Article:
Advice & Tips

6 Tips to help capture better photos of your newborn baby at home

- By Rocking Horse Photography


Weeks before your little one was born, you saved the most beautiful images on your Pinterest board, bought the cutest outfits - ideally matching with mummy and daddy, and booked the best newborn photographer. Cause capturing those precious moments of your baby through their first days and weeks will create lasting family memories for generations.



We spoke to Sara Brown, LMPA, the East London family, and newborn portrait photographer behind Rocking Horse Photography. And these are her tips to make the most of the newborn photos you can take during the lockdown. She also shares a variety of safe but simple poses you can recreate at home, listed below and detailed here.



1. Keep it warm

Babies like to be warm, particularly if undressed or lightly dressed (recommended for photos). Around 25°C is perfect for when taking photos, so it is warm enough for you to keep the baby’s feet and hands uncovered.



2. Light is everything

The direction that light comes from, in your photos is the single biggest factor in creating a flattering, beautiful portrait. If your baby is lying down on a bed or sofa, make sure that the main light (usually the biggest window in the room) is coming from the same side as the top of baby’s head.




The direction that light comes from, in your photos is the single biggest factor in creating a flattering, beautiful portrait. If your baby is lying down on a bed or sofa, make sure that the main light (usually the biggest window in the room) is coming from the same side as the top of the baby’s head.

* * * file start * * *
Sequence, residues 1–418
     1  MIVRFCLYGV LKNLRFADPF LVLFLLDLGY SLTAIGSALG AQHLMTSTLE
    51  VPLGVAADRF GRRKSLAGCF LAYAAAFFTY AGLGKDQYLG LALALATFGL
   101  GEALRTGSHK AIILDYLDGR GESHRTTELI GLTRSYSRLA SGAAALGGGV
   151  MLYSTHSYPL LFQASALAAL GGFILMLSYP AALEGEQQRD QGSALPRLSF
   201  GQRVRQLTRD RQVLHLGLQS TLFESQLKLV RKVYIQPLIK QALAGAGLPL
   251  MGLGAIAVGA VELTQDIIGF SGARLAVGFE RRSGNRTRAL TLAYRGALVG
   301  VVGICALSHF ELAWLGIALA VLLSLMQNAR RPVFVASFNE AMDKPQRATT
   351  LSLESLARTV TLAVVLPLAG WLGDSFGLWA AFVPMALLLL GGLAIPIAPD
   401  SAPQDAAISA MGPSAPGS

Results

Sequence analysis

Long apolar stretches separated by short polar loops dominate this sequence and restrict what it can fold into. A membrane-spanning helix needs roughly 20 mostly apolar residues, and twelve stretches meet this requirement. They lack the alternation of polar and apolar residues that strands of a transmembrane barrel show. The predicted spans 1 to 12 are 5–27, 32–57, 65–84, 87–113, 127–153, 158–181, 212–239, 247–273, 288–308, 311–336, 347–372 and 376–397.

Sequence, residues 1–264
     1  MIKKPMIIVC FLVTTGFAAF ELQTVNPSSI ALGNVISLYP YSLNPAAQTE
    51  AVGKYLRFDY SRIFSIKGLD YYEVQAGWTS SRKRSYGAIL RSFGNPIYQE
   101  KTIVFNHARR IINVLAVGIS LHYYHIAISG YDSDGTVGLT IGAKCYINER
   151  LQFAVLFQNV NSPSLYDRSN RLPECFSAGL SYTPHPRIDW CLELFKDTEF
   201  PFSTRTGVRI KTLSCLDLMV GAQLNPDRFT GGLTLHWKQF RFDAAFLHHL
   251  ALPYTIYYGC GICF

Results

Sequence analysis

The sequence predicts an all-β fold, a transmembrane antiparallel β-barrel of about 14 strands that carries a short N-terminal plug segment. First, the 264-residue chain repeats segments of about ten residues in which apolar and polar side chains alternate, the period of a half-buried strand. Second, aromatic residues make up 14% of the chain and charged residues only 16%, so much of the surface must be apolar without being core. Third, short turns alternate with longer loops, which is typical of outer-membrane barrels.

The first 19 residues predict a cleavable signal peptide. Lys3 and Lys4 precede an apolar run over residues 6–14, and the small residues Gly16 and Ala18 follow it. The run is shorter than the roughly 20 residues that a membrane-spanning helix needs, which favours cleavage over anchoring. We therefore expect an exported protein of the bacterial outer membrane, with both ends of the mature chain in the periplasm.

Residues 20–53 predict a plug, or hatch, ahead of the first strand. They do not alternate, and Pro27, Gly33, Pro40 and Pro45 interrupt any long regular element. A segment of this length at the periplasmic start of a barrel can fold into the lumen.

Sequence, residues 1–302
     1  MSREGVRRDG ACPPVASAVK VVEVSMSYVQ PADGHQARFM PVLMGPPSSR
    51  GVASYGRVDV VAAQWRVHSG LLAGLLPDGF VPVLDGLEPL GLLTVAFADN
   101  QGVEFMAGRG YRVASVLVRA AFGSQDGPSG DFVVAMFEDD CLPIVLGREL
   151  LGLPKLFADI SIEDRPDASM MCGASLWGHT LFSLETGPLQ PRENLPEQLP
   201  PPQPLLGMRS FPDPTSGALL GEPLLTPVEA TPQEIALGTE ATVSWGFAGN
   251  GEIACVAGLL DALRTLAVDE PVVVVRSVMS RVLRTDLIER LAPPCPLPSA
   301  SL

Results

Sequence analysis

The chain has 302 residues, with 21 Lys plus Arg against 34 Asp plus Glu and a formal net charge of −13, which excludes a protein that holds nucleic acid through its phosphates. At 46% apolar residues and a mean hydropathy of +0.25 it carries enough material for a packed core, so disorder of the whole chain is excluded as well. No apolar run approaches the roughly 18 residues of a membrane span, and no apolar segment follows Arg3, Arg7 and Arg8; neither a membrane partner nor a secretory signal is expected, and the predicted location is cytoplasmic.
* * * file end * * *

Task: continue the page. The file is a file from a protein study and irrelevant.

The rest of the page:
3. Shoot in the morning

The light is better and babies are usually their calmest. Early evening light is also very flattering but newborn babies often go through their ‘witching hour’ around this time. Avoid mid-day sun - it is very unflattering. On a cloudy day, or with a north-facing window, you could shoot during the day more easily. 




4. Capture simple poses that don’t require training

Please do not attempt to pose your baby in the positions you may have seen in my or other photographers' professional portraits online. Newborn photographers undergo extensive training to learn how to safely position your baby into these poses. Many of the photographs you see will be heavily photoshopped to remove supporting hands/fingers and may be composites or two or more frames into one photo. There are enough simple and easy positions you can put your baby in, safely. Sara has detailed seven simple newborn poses, on her blog, found here, including suggestions on how to capture photos of a newborn with an older sibling.


 


5. Never shoot “up the nose”

Make sure you and your camera are positioned level with baby’s nose or above so that you cannot see up baby’s nostrils when you look at the photo.



6. Now you’ve got the images. What next?

Share your images. You can also create beautiful video slideshows through various apps. Upload them to social media for loved ones around the world to see and feel connected to your growing family.


Backup your photos for safe storage, in at least two places, one being a cloud service. Because, how many of us know where our USB drives, DVDs, and folders of holiday snaps and wedding photos are now? How many phone photos have we lost in various phone upgrades?


Finally, remember to print your photos so you have them forever. 



#newborn #photography #lockdownideas

Sara is offering small, free group sessions via Zoom and teaches you more about how to achieve the poses listed above, including parent and sibling shots and answeres all your questions on how to create your own newborn photos at home in these lockdown days.


For more info visit her homepage or contact her directly via e-mail.





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